Han van Meegeren, a Dutch artist of moderate acclaim, found himself entangled in a web of intrigue shortly after World War II, accused of aiding the Nazis in pillaging the cultural heritage of the Netherlands. Facing charges of treason for allegedly supplying valuable paintings by Dutch masters to Hitler’s deputy, Hermann Goering, including a previously unknown Vermeer titled “Christ With the Adulteress,” van Meegeren opted for an unconventional defense. Rather than facing the death penalty, he revealed a shocking truth – every masterpiece he sold to Goering was, in fact, a meticulously crafted forgery. His admission marked the beginning of a desperate attempt to prove his skills as a forger, choosing imprisonment for his artifice over the gallows for treason.

Van Meegeren’s artistic journey began in 1914, culminating in his graduation from art school and subsequent work as an assistant art professor. However, by the late 1920s, his traditional style fell out of favor with critics, who dismissed him as an unoriginal artist. Spurred by a desire for vindication, he embarked on a mission to demonstrate his prowess by creating a forgery so convincing that even the most discerning critics couldn’t distinguish it from the works of the Dutch Golden Age. His masterpiece, “The Supper at Emmaus,” painted in the style of Vermeer, not only fooled renowned art historians but also fetched a considerable sum in today’s dollars. Undeterred by war and Nazi occupation, van Meegeren continued his forgery enterprise, eventually selling the infamous “Christ With the Adulteress” to Goering. Unraveling the truth in the aftermath of the war, van Meegeren’s forgeries transformed him from a pariah into an unexpected national hero, as he skillfully conned the Nazis and saved his own life in the process.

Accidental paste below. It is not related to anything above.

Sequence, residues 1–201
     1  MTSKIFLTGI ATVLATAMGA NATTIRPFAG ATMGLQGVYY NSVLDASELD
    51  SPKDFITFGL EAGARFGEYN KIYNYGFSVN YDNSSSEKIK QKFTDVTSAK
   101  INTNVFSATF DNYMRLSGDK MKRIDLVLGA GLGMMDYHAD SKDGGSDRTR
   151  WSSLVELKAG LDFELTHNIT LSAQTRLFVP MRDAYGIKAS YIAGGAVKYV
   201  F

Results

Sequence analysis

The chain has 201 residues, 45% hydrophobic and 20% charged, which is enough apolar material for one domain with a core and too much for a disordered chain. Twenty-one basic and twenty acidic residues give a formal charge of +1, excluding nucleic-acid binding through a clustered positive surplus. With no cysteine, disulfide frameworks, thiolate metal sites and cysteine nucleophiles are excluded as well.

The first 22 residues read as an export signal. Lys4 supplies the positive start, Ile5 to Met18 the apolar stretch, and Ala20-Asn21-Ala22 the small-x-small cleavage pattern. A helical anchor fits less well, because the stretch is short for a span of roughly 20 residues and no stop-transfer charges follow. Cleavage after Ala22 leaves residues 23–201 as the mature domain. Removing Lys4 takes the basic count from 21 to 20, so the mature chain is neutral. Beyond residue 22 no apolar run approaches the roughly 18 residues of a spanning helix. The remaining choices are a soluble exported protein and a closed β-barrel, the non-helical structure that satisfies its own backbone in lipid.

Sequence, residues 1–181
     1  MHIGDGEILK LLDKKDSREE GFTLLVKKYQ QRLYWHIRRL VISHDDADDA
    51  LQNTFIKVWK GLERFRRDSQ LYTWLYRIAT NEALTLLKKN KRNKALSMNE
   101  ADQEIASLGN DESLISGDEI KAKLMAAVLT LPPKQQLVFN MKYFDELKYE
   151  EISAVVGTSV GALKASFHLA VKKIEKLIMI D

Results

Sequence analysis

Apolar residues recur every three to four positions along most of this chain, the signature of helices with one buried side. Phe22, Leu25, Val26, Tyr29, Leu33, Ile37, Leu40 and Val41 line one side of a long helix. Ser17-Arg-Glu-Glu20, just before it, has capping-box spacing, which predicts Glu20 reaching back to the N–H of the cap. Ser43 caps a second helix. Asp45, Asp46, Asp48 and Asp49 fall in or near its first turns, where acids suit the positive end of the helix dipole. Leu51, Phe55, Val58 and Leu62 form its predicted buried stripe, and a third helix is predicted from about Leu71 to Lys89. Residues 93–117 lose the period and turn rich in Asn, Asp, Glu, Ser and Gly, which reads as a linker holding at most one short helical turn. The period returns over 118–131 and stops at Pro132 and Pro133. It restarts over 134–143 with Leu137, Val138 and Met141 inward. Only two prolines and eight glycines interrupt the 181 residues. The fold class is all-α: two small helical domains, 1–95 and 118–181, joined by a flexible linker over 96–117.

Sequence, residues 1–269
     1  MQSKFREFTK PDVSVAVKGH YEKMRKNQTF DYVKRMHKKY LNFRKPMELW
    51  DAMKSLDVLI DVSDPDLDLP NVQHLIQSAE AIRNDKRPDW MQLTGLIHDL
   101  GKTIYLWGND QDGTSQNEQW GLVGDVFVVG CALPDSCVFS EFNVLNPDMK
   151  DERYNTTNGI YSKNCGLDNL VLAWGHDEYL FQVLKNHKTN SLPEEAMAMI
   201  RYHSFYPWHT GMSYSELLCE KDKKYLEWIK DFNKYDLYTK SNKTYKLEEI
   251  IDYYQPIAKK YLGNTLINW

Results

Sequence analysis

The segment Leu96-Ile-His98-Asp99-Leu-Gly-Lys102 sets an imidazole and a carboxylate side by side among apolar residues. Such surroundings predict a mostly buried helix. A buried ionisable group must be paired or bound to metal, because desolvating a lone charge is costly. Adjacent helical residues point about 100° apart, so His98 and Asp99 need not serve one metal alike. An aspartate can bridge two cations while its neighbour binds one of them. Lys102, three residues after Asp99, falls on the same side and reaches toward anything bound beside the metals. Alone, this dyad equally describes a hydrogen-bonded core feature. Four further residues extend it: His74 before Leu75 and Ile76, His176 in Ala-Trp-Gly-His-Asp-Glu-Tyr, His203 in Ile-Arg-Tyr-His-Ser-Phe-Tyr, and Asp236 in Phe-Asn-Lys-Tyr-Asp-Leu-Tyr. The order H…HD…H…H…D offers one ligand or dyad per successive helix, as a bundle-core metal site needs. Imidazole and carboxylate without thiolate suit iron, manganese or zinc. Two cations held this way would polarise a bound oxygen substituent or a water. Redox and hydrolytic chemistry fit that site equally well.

Costly Historic Mistakes That People Immediately Regretted
Sir Francis Drake. Biography

Francis Drake’s Plate

English seaman Francis Drake landed on the west coast of North America in 1579. A contemporary aboard his ship wrote that Drake left behind a plate to commemorate the event, and to claim the region in the name of Queen Elizabeth. It was long theorized that Drake must have landed in California. In the early twentieth century, however, scholarly research supported the contention that Drake had probably landed further up the coast, somewhere in the Northwest. Historian and University of California Professor Herbert Eugene Bolton, a huge Drake fan, was wedded to the notion that the famous seadog had landed in California. His deep conviction proved costly, when he let it override reasonable skepticism.

Costly Historic Mistakes That People Immediately Regretted
Route of Drake’s circumnavigation of the globe, and that of the earlier Magellan expedition. Encyclopedia Britannica

A brass plate was discovered in 1936, that read: “BEE IT KNOWNE VNTO ALL MEN BY THESE PRESENTS. IVNE. 17. 1579. BY THE GRACE OF GOD AND IN THE NAME OF HERR MAIESTY QVEEN ELIZABETH OF ENGLAND AND HERR SVCCESSORS FOREVER, I TAKE POSSESSION OF THIS KINGDOME WHOSE KING AND PEOPLE FREELY RESIGNE THEIR RIGHT AND TITLE IN THE WHOLE LAND VNTO HERR MAIESTIEES KEEPING. NOW NAMED BY ME AND TO BEE KNOWNE V(N) TO ALL MEN AS NOVA ALBION. G. FRANCIS DRAKE“. It was taken to Professor Bolton, who was thrilled that evidence of Drake’s landing in California had finally been found. The plate became a sensation. Copies were sold as souvenirs, presented to Queen Elizabeth II, and its photos appeared in textbooks. Unfortunately, as seen below, the plate was a fake – a practical joke that got out of hand.